Conference participation, tutorial production and distribution, crowdsourcing and multi-institutional team building are examples of what we can do to improve relationships and extend computational methodology choices and accessibility. For example, BCIG is helping to formulate a panel for a workshop on “Proper Methods for Evaluating Performance of Computational Intelligence Methods and How to Encourage Use of these Evaluation Methods.” This workshop has been proposed for the 2012 World Congress on Computational Intelligence. As another example, BCIG is about to put in place a mechanism for modelers who subscribe to BCIG to brainstorm on broad biomedical computing topics—a kind of local crowdsourcing operation. The first topic will be “Machine Learning and Statistics: the Interface.”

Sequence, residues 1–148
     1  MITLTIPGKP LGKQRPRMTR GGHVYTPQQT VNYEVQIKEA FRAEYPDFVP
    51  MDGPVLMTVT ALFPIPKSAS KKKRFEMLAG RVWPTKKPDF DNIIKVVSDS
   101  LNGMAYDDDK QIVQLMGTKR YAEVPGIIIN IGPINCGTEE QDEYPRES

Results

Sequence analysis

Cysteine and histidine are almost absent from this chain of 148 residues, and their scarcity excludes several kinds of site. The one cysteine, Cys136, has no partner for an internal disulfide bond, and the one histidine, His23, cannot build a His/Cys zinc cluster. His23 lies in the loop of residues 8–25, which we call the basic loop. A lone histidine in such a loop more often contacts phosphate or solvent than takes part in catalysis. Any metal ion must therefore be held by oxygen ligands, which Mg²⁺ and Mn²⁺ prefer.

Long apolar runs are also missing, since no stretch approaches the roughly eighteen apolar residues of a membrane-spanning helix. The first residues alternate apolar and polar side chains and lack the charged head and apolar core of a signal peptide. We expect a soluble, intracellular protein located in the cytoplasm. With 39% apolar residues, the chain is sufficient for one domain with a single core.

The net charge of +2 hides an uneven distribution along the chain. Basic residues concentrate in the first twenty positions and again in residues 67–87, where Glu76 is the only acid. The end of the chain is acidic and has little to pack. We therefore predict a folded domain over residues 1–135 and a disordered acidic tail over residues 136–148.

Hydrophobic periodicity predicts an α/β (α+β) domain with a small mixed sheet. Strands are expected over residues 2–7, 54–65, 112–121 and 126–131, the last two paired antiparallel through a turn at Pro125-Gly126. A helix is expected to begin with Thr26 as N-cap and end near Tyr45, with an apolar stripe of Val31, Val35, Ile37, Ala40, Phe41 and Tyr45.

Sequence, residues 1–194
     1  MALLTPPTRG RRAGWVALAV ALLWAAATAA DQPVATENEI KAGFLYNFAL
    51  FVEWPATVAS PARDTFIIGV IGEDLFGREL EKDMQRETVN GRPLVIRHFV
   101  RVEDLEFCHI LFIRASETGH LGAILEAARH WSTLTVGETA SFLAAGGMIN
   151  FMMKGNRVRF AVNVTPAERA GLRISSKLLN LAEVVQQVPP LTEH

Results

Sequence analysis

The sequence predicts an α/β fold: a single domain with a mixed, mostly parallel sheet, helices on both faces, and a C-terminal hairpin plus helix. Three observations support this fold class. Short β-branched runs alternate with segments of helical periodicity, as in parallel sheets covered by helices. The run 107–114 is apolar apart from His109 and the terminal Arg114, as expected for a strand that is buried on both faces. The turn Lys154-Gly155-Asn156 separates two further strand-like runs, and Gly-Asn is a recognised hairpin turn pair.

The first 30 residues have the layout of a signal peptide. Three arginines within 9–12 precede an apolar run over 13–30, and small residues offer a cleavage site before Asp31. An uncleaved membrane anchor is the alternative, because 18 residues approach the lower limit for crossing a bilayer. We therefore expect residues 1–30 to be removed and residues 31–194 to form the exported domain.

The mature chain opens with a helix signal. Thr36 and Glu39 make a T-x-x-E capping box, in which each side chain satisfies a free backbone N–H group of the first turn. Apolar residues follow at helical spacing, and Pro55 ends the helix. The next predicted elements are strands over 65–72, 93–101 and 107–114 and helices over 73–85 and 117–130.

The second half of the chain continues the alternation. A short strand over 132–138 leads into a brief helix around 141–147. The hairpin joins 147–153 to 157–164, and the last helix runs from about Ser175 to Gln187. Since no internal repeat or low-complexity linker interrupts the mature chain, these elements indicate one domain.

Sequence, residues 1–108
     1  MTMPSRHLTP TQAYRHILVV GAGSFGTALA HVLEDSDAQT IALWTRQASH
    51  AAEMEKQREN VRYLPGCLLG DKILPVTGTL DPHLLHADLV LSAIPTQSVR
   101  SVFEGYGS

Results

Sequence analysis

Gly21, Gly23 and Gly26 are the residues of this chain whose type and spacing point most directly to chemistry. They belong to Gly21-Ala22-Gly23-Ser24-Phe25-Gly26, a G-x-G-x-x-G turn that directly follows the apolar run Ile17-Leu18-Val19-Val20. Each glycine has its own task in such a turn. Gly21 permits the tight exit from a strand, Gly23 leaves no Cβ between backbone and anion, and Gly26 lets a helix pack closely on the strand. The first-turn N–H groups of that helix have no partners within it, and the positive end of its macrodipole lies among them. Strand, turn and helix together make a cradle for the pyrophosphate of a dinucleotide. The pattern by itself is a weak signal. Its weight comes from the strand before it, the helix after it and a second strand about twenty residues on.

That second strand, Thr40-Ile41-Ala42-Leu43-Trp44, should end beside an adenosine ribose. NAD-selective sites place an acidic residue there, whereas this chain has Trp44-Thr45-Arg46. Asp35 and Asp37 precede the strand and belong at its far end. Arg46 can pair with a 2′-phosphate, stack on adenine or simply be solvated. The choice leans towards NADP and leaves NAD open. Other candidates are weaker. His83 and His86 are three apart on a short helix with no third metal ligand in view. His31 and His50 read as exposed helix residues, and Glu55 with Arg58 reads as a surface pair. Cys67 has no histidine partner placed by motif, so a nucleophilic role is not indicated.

We modelers also need to integrate and standardize our style of thinking as well as our terminology and nomenclature. Many other fields do this as they begin to mature. Statisticians, computer scientists and bioinformaticians think differently from one another. Even within modeler subgroups, individuals think differently about their approaches to modeling. We need to focus on concept consilience and common ontologies!
Modelers should try to convince collaborators that modeling is meaningful even when the models may be imperfect. The key is to demonstrate success in significant collaborative biomedical projects—in particular (given current priorities) in translational medicine projects, i.e., projects with results that have a direct and important positive impact on health care. Although many collaborators may not be skeptical per se, some fail to see the value of using modeling in their fields. This can be framed as a challenge for modelers. They can explore these fields and find better ways to introduce modeling. I can point to several examples where computational modeling demonstrated the potential to have significant impact on medicine and biology, particularly with respect to translational medicine. For example, I have developed methodologies that predict glucose tolerance test results, breast cancer, and adverse drug reactions with accuracies suitable for clinical use.